Bloodshed won’t tighten U.S. gun laws: experts
The statistics are staggering, the stories heartbreaking, yet there is little chance that any amount of bloodshed will lead to stiffer gun controls in the United States in the foreseeable future.
“It’s not something that any politician thinks is winnable,” said Kristin Goss, a politics professor at Duke University and author of “Disarmed: The Missing Movement for Gun Control in America.”
Five years after the worst school shooting in US history left 32 people dead at Virginia Tech, another high profile slaying has raised fears that new self-defense laws allow armed vigilantes to kill with impunity.
Florida authorities initially refused to charge a neighborhood watch volunteer for killing a black teenager even though a 911 operator instructed George Zimmerman not to follow the boy and instead to wait for police, after he first called to report a guy “up to no good.”
That’s because Florida — like 24 other US states — has a “Stand Your Ground” law that grants immunity from prosecution if people use deadly force because they felt threatened.
Zimmerman said Trayvon Martin, 17, attacked him and under Florida law, he had no duty to attempt to safely retreat before firing his gun. The US constitution guarantees the right to bear arms, and individual states can regulate the right.
The Trayvon Martin case sparked protests across the country after Martin’s family, lawyers and civil rights leaders alleged the hoodie-wearing teen — who was on his way home after buying iced tea and a pack of Skittles — was a victim of racial profiling.
It also highlighted the dramatic weakening of gun controls, as well as the role of the National Rifle Association (NRA) and a once little-known conservative think-tank that drafted Stand Your Ground and other gun rights law and pushed them through state legislatures.
Statistics on gun victims — 11,500 homicides, 554 accidental deaths and 45,000 non-fatal assaults in 2009 — are brushed aside with the adages “guns don’t kill people, people kill people” and “bad guys can’t be the only ones packing heat.”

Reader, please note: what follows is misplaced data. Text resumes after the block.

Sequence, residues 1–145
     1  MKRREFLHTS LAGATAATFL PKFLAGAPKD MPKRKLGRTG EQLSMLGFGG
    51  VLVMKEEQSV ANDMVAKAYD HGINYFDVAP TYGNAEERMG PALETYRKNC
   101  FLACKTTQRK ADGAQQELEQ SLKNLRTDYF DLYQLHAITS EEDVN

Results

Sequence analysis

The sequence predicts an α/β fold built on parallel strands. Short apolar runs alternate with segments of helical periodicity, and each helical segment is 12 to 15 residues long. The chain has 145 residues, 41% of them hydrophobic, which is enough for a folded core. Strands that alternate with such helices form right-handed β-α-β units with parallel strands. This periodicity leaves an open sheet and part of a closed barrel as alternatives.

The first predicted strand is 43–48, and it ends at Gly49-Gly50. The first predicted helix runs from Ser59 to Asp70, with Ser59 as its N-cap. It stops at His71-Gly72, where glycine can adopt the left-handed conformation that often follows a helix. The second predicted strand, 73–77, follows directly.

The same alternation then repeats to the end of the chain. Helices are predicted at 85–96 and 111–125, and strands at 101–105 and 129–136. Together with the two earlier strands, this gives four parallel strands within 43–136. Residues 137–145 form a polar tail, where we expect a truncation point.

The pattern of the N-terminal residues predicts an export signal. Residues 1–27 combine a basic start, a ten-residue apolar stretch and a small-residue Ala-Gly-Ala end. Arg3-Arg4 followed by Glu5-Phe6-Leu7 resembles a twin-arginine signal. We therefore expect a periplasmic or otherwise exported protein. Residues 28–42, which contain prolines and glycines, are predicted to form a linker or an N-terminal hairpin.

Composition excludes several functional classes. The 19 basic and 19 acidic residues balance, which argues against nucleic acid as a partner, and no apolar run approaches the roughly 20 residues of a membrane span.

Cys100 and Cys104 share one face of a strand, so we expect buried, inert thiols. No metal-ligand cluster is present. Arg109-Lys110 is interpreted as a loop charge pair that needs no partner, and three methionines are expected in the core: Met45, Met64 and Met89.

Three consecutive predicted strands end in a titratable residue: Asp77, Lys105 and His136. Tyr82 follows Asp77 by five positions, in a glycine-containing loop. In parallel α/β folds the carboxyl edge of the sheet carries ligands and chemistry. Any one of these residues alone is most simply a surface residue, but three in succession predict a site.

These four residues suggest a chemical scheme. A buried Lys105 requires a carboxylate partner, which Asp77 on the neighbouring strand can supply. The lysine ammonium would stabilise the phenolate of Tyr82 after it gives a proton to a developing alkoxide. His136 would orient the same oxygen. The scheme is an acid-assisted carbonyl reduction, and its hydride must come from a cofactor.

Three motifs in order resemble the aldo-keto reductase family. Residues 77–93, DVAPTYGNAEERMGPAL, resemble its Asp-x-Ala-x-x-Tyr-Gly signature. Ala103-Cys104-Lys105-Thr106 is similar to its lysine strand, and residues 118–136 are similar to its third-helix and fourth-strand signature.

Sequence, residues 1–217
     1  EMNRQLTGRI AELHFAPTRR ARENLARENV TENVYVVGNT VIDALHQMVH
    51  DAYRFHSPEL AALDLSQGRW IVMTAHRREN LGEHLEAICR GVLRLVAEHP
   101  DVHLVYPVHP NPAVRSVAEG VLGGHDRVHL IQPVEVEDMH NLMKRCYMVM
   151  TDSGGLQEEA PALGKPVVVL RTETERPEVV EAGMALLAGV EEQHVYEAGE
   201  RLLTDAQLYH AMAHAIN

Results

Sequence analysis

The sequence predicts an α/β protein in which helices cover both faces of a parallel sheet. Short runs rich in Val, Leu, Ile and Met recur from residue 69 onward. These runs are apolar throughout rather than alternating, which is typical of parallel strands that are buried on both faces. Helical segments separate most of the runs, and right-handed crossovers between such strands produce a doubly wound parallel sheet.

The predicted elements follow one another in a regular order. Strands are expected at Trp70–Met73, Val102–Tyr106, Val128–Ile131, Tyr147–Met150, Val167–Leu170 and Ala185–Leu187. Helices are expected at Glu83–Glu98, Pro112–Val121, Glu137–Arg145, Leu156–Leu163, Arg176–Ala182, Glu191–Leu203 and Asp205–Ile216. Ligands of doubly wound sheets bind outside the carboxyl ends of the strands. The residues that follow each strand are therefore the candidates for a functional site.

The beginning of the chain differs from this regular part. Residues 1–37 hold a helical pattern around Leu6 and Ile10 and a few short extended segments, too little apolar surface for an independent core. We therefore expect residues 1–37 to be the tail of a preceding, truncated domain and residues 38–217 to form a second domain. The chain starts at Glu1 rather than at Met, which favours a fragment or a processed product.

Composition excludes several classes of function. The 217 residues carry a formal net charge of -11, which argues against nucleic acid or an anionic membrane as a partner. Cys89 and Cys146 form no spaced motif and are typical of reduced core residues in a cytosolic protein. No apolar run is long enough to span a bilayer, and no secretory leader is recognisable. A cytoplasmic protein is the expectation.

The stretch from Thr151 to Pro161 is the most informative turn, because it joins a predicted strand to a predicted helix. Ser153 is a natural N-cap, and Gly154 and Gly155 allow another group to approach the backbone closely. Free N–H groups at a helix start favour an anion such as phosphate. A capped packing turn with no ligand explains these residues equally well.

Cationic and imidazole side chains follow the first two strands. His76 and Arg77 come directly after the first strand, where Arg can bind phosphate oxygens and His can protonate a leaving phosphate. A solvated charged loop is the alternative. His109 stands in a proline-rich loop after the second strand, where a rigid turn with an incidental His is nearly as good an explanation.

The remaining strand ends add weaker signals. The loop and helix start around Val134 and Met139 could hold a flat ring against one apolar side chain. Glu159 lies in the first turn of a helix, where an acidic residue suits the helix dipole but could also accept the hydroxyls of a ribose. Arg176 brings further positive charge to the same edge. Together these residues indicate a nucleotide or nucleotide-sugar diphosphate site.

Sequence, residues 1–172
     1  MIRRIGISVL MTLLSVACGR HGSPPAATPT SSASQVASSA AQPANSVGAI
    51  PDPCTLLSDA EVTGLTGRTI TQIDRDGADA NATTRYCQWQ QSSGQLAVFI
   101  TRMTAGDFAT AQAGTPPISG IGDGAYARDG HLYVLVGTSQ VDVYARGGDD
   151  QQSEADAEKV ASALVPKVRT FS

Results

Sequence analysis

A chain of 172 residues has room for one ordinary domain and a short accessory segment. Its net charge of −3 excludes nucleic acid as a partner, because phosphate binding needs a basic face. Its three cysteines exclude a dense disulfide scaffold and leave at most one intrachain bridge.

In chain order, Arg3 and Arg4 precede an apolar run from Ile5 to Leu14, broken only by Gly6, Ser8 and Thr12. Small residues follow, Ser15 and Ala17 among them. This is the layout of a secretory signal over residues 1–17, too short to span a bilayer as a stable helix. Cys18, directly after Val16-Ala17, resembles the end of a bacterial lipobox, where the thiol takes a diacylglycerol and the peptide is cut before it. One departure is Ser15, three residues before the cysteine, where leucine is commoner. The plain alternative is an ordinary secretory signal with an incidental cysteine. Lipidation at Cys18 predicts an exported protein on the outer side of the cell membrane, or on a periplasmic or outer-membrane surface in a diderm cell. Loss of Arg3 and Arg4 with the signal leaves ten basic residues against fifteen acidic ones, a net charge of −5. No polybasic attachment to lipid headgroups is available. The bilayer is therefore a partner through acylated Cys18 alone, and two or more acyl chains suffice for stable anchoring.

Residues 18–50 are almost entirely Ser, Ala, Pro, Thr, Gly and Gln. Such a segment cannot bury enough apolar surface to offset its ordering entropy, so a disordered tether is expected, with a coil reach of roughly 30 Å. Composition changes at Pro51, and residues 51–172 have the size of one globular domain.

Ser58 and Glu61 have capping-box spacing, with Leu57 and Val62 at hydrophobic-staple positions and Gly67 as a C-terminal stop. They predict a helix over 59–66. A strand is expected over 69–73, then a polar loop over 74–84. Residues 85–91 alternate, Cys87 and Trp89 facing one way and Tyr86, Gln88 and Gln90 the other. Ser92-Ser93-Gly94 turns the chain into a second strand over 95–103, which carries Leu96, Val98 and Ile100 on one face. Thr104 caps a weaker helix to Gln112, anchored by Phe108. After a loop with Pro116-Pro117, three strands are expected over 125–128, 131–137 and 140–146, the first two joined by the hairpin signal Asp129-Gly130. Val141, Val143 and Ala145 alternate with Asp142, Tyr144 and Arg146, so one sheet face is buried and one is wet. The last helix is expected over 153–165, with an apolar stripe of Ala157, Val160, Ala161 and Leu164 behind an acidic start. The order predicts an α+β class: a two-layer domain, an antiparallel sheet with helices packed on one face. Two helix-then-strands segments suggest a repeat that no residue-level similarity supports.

“The NRA’s greatest success has been divorcing not just their rhetoric but their legislative agenda from the real world,” said Josh Sugarmann, director of the Violence Policy Center, which advocates for gun control.
“One of the most striking things we’re seeing coming out of the Trayvon Martin case is for the first time in many, many years people are saying ‘what actually happened?'”
Stand Your Ground laws that have granted immunity to people who shot robbers after chasing them for several blocks and drug dealers who killed rival gang members are relatively new, as is the pervasiveness of guns, which can now be brought even into churches, schools and bars in many states.
Illinois is the only US state that still bans concealed weapons, down from 19 in 1981.
The number of states with permissive gun laws — which typically only prohibit felons, drug addicts, children and the mentally ill from carrying concealed weapons — expanded from three to 39 in the past 30 years.
It’s a disastrous combination that encourages people to engage in unnecessary violence, said former Miami police chief John Timoney.
“You want to have the ability to judge every case individually,” said Timoney, who fought to block the passage of the nation’s first Stand Your Ground law before it was implemented in Florida in 2006.
“You don’t want to have some law letting people say I’m going to kill my wife and pretend I thought she was a burglar.”
Zimmerman was eventually charged with murder on April 11 after a special prosecutor was appointed to investigate the February 26 shooting. Florida’s governor has set up a task force to review the Stand Your Ground law.
But experts say there’s only a slim chance that some states will repeal their Stand Your Ground laws and almost none that any attempt will be made to tighten gun controls.
“Once you have a law in place, it’s hard to change it,” said Clyde Wilcox, a professor at Georgetown University who specializes in public opinion and controversial issues.
“At the moment, the Democrats and liberals are a little afraid to push on this and are afraid it’ll backfire in national politics.”
Many Democrats say Al Gore lost the 2000 presidential election because of his focus on gun control and they fear the issue could harm President Barack Obama’s reelection bid in November.
One reason for the NRA’s success is its ability to frame the debate as a fight for freedom, the American way and the right to defend yourself, said Robert Spitzer, author of “The Politics of Gun Control.”
“There is a long ethos of individualism, the idea that citizens really need to take care of their own problems, not rely on the government,” said Spitzer, a professor at State University of New York at Cortland.
“That feeling has also contributed to the idea that the citizen with the gun is somehow a bulwark of liberty.”
Mass shootings that once led people to call for tougher gun controls are now used by gun advocates as a reason to let students bring guns onto college campuses.
Even though violent crime rates are actually down sharply, it’s a convincing argument for many.
“People who own guns feel empowered,” Spitzer said. “That’s surely why George Zimmerman had a handgun with him.”